What is it about?

Aristotle understood political regimes in a way that is superior to modern democratic theories in multiple ways. One advantage of his theory is that it admits that a political regimes is rather a delicate balance of conflicting societal, institutional and ideational factors than a coherent set of values and norms. Another is that Aristotle thinks that there are more than one kind of normative questions about political questions we might want to answer. This makes his regime theory a perfect candidate for a starting point for a realist regime theory which we still lack.

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Why is it important?

We need a realist approach to regime theory because modern democratic theories feed on a somewhat misleading belief that liberal democracy is the "only game in town" or it least it should be while in reality people live in regime types of wide variety and the prospects of the global dominance of liberal democracy are not particularly promising. Empirical political science is much more eager to cope with this real-life diversity of regime types, but even comparative political scientists have serious difficulties with drawing the right conclusions from this state of affairs as their models use liberal democracy as the main point of reference. Classical regime theories (of which Aristotle's regime theory was one of the most widely-known for centuries) were originally designed to capture a reality of the co-existence of multiple regime types and therefore they still can offer us important insights about how to deal with the conceptual and normative problems raised by a world of multiple regime types in which we actually live.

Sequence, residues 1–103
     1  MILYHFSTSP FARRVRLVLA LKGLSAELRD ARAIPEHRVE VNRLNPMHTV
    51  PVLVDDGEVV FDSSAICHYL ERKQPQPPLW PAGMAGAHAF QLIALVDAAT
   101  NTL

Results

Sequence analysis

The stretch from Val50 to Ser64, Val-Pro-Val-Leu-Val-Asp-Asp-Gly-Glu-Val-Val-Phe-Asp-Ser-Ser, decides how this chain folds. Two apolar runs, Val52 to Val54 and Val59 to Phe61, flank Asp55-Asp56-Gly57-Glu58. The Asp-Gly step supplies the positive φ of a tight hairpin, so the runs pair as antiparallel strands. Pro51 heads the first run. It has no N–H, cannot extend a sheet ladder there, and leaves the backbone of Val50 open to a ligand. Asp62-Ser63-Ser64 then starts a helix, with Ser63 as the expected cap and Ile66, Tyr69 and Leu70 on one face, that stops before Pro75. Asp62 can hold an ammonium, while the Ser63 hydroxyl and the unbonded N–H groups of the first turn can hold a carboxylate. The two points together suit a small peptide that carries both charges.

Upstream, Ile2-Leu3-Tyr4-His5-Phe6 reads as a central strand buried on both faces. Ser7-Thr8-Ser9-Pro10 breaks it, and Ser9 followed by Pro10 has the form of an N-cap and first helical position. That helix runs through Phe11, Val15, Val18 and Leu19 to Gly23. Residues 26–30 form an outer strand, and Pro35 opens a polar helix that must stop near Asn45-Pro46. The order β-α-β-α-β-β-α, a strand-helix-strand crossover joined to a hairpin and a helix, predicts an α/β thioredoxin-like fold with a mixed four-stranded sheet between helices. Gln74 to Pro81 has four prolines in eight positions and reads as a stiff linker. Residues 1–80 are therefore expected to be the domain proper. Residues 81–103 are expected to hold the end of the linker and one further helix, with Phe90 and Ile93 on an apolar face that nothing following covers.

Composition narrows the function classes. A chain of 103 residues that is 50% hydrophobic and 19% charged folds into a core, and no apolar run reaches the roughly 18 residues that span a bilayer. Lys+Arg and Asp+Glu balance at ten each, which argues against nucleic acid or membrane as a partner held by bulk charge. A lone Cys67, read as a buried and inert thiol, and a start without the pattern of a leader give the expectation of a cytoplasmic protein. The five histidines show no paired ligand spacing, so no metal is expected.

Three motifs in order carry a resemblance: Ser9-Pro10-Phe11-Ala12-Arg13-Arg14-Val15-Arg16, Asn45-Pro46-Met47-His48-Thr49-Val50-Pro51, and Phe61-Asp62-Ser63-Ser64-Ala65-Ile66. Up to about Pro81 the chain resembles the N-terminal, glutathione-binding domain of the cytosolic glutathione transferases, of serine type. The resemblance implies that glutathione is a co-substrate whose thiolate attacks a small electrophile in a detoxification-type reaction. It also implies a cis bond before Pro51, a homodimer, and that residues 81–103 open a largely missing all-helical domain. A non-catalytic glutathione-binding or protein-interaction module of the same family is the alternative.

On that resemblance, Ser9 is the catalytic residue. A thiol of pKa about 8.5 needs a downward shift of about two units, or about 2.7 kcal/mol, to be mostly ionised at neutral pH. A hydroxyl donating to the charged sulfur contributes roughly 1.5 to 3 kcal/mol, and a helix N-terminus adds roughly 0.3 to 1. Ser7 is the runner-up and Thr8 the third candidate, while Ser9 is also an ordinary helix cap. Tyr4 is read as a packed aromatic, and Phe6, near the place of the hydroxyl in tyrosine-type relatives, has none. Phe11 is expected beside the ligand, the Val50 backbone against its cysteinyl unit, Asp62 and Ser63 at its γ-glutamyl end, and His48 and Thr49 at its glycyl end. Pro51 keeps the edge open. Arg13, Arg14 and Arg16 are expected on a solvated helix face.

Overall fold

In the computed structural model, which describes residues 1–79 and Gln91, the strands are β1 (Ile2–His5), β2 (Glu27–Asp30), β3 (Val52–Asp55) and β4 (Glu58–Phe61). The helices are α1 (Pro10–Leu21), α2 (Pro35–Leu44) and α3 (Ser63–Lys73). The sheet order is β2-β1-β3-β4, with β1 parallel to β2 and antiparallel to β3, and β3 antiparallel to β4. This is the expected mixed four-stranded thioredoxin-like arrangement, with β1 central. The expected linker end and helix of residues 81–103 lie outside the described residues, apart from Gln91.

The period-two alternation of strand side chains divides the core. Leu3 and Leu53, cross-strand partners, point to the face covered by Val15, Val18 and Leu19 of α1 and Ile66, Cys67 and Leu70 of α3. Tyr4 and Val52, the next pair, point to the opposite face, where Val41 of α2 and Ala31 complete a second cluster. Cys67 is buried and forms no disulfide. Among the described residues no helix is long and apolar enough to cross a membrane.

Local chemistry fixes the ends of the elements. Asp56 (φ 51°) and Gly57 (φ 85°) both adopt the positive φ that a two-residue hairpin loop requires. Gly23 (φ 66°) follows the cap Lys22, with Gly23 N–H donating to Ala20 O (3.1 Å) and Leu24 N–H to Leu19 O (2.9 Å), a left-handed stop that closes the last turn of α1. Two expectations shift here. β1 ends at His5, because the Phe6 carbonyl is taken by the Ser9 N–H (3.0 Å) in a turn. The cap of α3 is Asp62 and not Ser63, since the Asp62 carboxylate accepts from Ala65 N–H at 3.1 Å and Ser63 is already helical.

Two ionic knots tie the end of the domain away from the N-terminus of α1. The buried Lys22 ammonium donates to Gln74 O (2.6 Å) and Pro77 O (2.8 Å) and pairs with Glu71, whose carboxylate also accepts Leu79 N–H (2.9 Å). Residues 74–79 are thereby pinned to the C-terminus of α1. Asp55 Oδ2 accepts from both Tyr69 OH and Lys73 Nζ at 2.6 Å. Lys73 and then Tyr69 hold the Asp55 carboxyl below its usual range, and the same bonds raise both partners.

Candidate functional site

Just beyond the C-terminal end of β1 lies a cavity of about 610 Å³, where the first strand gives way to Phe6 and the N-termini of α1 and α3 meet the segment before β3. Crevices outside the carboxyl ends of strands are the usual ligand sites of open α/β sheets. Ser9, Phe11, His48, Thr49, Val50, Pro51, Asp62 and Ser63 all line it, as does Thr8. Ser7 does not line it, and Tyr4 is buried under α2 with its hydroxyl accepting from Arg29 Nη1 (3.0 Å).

This has been my most important publication to date. It was a great pleasure to write this essay as I was always a big fan of Aristotle and I have always felt that his writings are still relevant to us in multiple ways. I am also convinced that contemporary realist theory can profit much from a dialogue with some of the great thinkers of the past. There are some promising examples in the literature, but there is much more to be done.

Zoltán Gábor Szűcs
Centre for Social Sciences, Hungarian Academy of Sciences

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This page is a summary of: Aristotle’s realist regime theory, European Journal of Political Theory, October 2018, SAGE Publications,
DOI: 10.1177/1474885118806087.
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